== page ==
The general idea of premises liability law is that a property owner or controller has the responsibility to protect guests, visitors, customers, and others from unreasonable dangers. Everyone from store managers and homeowners to apartment renters all has this responsibility in some form and to some extent.
There is a notable exception to general premises liability rules, though: “open and obvious.” In some texts, this rule is called the open and obvious defense since it serves to defend a property owner from liability.
The open and obvious rule has many forms, usually changing slightly from state-to-state. The overarching idea is that a property owner is not liable – or at least, less liable – for injuries caused by a danger that is both “open and obvious.” In other words, if a visitor should have been able to quickly identify the problem and easily take steps to avoid it, then they could be found liable for their own injuries, even if the property owner or controller did nothing to warn them about it.
Open & Obvious Hazard – Example
A jar of rainbow-colored gumballs has spilled in the center of a grocery store aisle. The entire aisle is about 50-feet long, and the spill is in the center 10-feet. While shopping, a customer walks down the aisle with the spill, seems to ignore the multicolored spill taking up the entire center of the aisle, slips, and falls.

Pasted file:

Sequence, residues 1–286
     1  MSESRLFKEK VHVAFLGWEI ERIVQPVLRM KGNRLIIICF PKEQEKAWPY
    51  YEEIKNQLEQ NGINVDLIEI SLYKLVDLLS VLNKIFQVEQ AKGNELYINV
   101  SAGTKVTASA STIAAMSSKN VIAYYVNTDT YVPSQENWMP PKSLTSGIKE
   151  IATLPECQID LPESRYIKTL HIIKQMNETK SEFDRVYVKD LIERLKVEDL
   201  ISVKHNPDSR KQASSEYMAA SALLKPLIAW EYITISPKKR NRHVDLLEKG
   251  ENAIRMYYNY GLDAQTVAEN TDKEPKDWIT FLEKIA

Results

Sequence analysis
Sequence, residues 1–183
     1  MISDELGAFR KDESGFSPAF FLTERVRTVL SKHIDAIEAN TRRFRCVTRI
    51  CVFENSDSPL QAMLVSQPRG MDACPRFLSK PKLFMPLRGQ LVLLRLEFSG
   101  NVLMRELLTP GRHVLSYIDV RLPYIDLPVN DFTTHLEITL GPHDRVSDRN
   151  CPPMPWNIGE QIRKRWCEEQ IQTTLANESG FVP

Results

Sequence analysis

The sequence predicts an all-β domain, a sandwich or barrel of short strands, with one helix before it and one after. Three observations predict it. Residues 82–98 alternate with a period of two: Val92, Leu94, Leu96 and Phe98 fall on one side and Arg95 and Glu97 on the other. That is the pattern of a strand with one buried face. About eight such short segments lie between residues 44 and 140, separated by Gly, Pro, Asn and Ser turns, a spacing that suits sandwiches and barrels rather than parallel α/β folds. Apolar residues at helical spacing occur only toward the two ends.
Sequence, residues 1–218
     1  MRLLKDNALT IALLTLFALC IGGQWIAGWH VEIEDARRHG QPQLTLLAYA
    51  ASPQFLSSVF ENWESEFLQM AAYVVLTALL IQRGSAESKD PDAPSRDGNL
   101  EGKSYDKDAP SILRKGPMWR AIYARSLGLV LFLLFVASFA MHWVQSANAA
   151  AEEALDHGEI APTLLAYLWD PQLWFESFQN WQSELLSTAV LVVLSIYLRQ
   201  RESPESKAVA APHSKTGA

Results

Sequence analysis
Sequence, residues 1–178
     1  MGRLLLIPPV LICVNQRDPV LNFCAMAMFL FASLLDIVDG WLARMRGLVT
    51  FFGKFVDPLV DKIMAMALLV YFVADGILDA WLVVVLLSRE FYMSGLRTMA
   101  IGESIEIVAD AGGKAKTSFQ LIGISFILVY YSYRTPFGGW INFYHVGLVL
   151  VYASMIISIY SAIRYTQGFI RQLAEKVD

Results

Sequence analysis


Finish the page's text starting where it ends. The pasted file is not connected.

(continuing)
In this situation, the store owner could likely use the “open and obvious” defense to escape some or all liability. The spill was not only colored brightly so it should catch the average person’s attention right away, but it was also in the center of the aisle, meaning a shopper would have to walk 20 feet before actually reaching it.
Although, there is no guarantee that the open and obvious rule would excuse the property owner in this situation. Some landowners have a constant responsibility to protect people on their property, even from clear dangers. Retail store owners are often assigned this responsibility under premises liability law. Furthermore, shoppers can be reasonably distracted by looking at their phones or grocery lists, so they could potentially not see a spill until they stepped in it, no matter how obvious it seems under normal circumstances.
Does Your Premises Liability Claim Concern an Open & Obvious Hazard?
Were you hurt on someone else’s property in San Jose or the Bay Area, but you think they might argue that the hazard was “open and obvious?” Start building and strengthening your claim with professional legal help from the attorneys of Habbas & Associates. We have nearly 200 years of collective legal experience to put to good use when managing your premises liability claim. During a free initial consultation, we can help determine if your claim is valid due to the nature of the hazard that caused your accident, like a slip and fall accident.
Want to know more? Please dial (888) 387-4053 to connect with our team.